FIGS. 5A and 5B show some sub-pictures to explain the operation of the series formers should in FIG. 3.
FIG. 6 shows a further embodiment of a transmission system comprising a device for transmitting and receiving television pictures.
FIG. 1 shows diagrammatically a television transmission system according to the invention. The system comprises a device 1 for transmitting television pictures (hereinafter referred to as transmitter), a transmission channel 3 and a device 4 for receiving the transmitted television pictures (hereinafter referred to as receiver). In practice, the transmission system shown may be a video recorder. In that case transmission channel 3 is constituted as a storage medium.
An input 10 of transmitter 1 receives a digital video signal. The received pictures are stored in a first picture memory 11 and applied in blocks from this memory to a subtracter circuit 12. In the subtracter circuit a motion-compensated prediction picture is subtracted from the current picture. The difference picture is encoded in an encoding circuit 13 which performs, for example a Discrete Cosine Transform and quantizes the coefficients obtained therefrom. The quantized coefficients are then subjected to variable-length encoding in a variable-length encoder 14. The code words thus obtained are transmitted via a multiplexer 15. A prediction loop in the transmitter comprises a decoding circuit 16 which performs the inverse operations of encoding circuit 13. The difference picture is thereby regained and added in an adder circuit 17 to the current prediction picture in order to form the next prediction picture in a second picture memory 18. A motion estimator 19 receives the current picture from picture memory 11 and the prediction picture from picture memory 18 and supplies the motion-compensated prediction picture to the subtracter circuit 12. Moreover, the motion estimator supplies motion vectors (dx,dy) for transmission to a receiver. The transmitter as described up to this point is generally known and described, for example in “Digitale Bildcodierung, Bewegungskompensierte Interframe-DPCM”, FKT 6/1992, pp. 416-424.
In accordance with the invention, the transmitter further comprises a series former 20 to which the motion vectors (dx,dy) are applied and which will be further described. The series former forms a series of difference vectors and a reference vector for a plurality of blocks of the television picture and applies these vectors to a second variable-length encoder 21. The two variable-length encoders 14 and 21 are coupled to the multiplexer 15 in order that this multiplexer applies both the code words which are representative of coefficients and the code words which are representative of motion vectors to transmission channel 3.
In practice, the picture transformer encoder 13 and motion estimator 19 operate on picture blocks of, for example 8*8 pixels. The picture transform is separately realised for the luminance Y and the chrominance U and V components of the television signal. If the sample frequency of the chrominance signals in the horizontal and vertical direction is half the sample frequency of the luminance signal, one chrominance block U and one chrominance block V is obtained for four luminance blocks Y. This is customarily referred to as a macro block. Such a macro block forms a sub-picture and is shown symbolically in FIG. 2. Other manners of forming a sub-picture from a plurality of contiguous blocks are, however, alternatively possible.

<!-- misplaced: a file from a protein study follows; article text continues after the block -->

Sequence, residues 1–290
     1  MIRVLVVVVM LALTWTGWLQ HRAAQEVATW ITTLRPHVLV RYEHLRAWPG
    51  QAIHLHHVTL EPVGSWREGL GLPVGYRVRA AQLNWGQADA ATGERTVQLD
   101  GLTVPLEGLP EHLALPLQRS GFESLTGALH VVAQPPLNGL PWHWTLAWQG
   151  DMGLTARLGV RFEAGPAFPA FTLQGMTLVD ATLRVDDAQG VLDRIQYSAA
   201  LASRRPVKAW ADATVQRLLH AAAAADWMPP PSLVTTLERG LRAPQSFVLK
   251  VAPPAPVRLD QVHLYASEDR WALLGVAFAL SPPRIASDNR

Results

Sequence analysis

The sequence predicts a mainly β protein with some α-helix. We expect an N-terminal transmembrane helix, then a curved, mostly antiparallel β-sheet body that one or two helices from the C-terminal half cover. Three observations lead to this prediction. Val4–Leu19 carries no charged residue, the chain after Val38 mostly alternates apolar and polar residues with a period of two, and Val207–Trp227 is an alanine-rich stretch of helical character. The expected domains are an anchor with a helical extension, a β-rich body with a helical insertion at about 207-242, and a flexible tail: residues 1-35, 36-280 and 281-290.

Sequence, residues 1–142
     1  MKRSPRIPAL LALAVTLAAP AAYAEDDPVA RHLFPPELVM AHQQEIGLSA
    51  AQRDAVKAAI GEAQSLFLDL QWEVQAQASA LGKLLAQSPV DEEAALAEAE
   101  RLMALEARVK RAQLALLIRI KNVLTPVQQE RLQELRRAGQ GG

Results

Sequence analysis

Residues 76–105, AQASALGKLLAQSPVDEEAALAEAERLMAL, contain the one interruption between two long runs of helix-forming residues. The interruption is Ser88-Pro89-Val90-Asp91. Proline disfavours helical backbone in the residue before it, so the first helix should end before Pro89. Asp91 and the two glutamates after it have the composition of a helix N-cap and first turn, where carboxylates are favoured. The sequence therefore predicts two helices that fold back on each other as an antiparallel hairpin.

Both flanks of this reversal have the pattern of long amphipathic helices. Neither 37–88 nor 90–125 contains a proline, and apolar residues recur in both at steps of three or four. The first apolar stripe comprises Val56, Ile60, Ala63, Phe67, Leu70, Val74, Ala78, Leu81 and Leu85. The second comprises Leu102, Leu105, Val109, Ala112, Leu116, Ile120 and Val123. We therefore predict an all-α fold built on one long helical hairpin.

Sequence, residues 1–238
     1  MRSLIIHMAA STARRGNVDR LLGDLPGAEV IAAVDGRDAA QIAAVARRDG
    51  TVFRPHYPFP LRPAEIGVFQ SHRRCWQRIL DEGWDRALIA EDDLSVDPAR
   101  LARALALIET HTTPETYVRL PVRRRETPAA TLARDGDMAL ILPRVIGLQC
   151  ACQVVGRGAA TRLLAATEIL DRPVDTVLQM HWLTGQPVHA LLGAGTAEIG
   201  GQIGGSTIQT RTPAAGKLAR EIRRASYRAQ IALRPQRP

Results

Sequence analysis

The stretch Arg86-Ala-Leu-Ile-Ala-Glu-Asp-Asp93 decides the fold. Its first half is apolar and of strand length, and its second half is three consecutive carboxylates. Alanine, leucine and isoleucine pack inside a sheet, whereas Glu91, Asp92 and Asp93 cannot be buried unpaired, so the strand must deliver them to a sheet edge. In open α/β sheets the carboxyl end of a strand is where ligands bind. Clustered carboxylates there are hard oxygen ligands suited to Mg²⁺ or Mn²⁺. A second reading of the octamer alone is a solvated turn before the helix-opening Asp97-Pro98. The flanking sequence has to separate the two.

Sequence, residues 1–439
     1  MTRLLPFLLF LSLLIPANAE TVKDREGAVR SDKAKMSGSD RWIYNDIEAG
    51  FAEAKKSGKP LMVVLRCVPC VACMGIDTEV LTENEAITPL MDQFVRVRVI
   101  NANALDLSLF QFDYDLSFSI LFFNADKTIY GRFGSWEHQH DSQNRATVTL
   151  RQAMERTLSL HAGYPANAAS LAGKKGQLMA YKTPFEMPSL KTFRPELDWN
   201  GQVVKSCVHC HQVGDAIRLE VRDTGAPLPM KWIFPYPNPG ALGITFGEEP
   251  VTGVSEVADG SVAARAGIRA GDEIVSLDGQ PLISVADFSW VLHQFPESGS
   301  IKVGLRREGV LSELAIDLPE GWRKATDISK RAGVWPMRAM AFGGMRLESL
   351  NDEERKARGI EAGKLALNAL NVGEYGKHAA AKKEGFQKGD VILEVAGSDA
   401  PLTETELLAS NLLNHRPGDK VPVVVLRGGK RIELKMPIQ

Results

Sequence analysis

The motion estimation is performed for each of the luminance blocks. A separate motion estimation for the chrominance blocks may be refrained from because it may be assumed that they are subject to the same motion as the Y blocks. For each macro block Y0, Y1, Y2, Y3 (see FIG. 2) a motion vector (dxi,dyi) is formed by the motion estimator 19 (see FIG. 1), in which dxi and dyi (i=0 . . . 3) represent the horizontal and vertical shift of a block with respect to the corresponding block in the prediction picture.
FIG. 3 shows a possible embodiment of the series former 20 shown in FIG. 1. It comprises a RAM 201 in which the motion vectors (dxi,dyi) are stored at predetermined locations by the motion estimator. The RAM is read under the control of a sequencer 202. The values read are applied to a first input of a subtracter circuit 203. Moreover the values read can be stored in a register 204 in response to a clock signal generated by the sequencer. The second input of the subtracter circuit 203 is coupled to the output of register 204. Again under the control of the sequencer, either the output of the subtracter circuit or the output of the register is selected via a multiplexer 205 for supply to the variable-length encoder 21 (see FIG. 1).
The operation of the series former 20 is further based on instructions stored in the sequencer. In a first embodiment the sequencer carries out the following instructions:
1. store dx2 in the register